Streamer Hooks

Streamer fishing for steelhead is not easy and you typically must capitalize upon fewer opportunities. You need a hook that is strong enough to land the Big Boyz, but light enough for your fly to move properly. The following is a Guide recommended list of streamer hooks for steelhead.

  • Owner Mosquito – is our number one choice for steelhead swing flies. This hook is a top choice personally and for Ed McCoy and Steve Pels as well. Most importantly, this hook has proven to be strong enough to handle the biggest Manistee River steelhead. Another advantage with this hook is the light wire, allowing me to pull a high percentage of my flies back from the log jams on 16# fluorocarbon. I like this hook in size 1 for most of my steelhead streamer patterns.
  • Gamakatsu Finesse Wide Gap – this is another one of Ed McCoy’s go to hooks. Ed runs this hook in size 1/0 and 1. He likes the big gap and very positive hook up ratio on fish that eat the fly from behind. This is a great hook later in the season to capture those fish that are nipping at the tail.
  • Daiichi 2557 – This is Guide Steve Pels go to hook for early fall. This hook has a super sticky point and will not bend out on hot fish. It has an oversized eye and makes passing trailer wire through the hook eye very easy. As is the case with most of our swing flies, we use wire or braid to attach the hook to our shanks. Steve likes this hook from size 1 to 4.
hooks for steelhead
Streamers for Steelhead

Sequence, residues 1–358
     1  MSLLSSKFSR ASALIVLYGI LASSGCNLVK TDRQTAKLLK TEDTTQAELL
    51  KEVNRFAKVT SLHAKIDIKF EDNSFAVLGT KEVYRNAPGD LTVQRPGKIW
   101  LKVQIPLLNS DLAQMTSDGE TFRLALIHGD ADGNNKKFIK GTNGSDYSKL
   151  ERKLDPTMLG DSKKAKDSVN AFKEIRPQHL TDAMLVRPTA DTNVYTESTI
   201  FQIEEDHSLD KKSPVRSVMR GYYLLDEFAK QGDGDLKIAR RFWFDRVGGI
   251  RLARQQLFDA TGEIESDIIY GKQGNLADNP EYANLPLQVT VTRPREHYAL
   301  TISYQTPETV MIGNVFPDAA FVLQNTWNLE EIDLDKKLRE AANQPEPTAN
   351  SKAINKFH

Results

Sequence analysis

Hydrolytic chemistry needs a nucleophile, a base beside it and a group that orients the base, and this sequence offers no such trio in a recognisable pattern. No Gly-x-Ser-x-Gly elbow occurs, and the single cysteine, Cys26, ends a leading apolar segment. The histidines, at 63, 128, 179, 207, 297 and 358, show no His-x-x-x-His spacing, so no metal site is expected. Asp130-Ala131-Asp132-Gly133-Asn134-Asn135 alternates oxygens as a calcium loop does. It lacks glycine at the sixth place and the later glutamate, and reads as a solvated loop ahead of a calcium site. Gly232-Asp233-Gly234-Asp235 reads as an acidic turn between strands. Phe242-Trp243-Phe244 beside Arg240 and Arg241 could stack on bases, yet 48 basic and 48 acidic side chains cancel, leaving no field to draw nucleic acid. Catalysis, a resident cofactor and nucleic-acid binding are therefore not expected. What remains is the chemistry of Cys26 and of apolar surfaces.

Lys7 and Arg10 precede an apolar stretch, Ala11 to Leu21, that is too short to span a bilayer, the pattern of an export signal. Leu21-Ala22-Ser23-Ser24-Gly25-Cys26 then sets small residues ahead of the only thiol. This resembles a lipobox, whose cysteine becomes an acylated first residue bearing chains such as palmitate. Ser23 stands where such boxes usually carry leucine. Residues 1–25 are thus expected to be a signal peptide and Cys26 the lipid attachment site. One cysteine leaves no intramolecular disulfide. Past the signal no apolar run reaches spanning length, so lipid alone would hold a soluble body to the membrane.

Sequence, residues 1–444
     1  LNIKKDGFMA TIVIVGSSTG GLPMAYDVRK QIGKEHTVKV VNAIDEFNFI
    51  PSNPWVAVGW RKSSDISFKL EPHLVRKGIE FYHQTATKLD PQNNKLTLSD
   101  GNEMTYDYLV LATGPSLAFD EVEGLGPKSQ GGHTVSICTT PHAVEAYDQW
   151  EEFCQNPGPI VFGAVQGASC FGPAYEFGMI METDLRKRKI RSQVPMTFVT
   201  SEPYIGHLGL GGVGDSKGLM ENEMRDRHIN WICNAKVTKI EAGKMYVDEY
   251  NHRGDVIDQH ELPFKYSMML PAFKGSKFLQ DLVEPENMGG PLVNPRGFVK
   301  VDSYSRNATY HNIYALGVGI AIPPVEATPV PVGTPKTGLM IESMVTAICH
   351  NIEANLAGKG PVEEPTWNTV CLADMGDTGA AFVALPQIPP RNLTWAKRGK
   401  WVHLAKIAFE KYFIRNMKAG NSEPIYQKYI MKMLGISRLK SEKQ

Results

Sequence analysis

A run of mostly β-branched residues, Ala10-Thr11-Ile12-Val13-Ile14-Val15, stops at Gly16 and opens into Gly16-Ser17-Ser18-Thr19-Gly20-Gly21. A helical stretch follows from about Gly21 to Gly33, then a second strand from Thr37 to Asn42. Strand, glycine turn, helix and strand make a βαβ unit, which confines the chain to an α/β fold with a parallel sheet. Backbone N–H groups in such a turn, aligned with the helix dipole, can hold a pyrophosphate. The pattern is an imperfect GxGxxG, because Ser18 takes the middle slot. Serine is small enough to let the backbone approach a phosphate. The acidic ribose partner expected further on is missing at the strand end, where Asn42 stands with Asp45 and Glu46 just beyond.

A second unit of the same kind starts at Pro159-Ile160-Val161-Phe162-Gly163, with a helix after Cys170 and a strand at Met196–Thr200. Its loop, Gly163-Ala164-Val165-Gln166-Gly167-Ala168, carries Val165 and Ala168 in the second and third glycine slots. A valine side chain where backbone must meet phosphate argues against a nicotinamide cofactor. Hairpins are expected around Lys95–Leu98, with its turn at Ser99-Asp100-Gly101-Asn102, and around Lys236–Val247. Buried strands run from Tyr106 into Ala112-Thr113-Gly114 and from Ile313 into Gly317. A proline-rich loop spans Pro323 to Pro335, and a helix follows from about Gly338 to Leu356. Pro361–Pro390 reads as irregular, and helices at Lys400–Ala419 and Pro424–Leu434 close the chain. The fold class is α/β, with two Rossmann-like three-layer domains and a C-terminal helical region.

Bonus Streamer Hook

The bonus streamer hook is a “baby treble” and I was scared of what might happen upon hooking up. Baby trebles in size 10 or 8 work really well and more or less pin the steelhead upon contact. This is one of my late season hooks that might ruffle a few feathers. I only run this particular hook when temps are dropping from 40 degrees into the 30’s. I prefer this hook for days when one bite is likely all we will see on the swing. When you’re searching for one bite and only getting lethargic tugs or pulls, this hook can save the day. Try this treble hook on your next cold front fishing trip.

  • VMC 9650 – I use this hook in size 10 and size 8. It’s super sharp and strong enough to land most steelhead. An added advantage to these light wire hooks is you will get all of your flies back from the many log jams along the Manistee River. Another bonus with this hook is the oversized eye makes passing wire or braid through them a breeze. One point of caution regarding this hook. I would not recommend using these treble hooks in October or during heavy spring run off, it will not hold. If the steelhead is super charged up it will bend them right out. Please understand, when you hook up with this hook you have to take your foot off the gas. You can’t pull as hard as you normally do with the bigger heavy wire swing hooks.

Egg Hooks

The meat and potatoes fishing in the Great Lakes area is with egg patterns. It’s not uncommon for me to fill the tackle box with 1000’s of egg hooks in my preseason orders. Having tried a slew of egg hooks over the years, here is where we stand currently on the best of the best.

  • Blood Run Tail Out Ed McCoy and I both agree, this is our favorite hook for pegging beads. The Blood Run Tail Out works great in size 1 to 4. It has a straight eye, so snelling your knot is a top selling point here. These hooks are super sharp and they will not bend out! This is not as ideal when fishing around all the wood, but there is never a question in confidence when fighting big steelhead on our float rigs.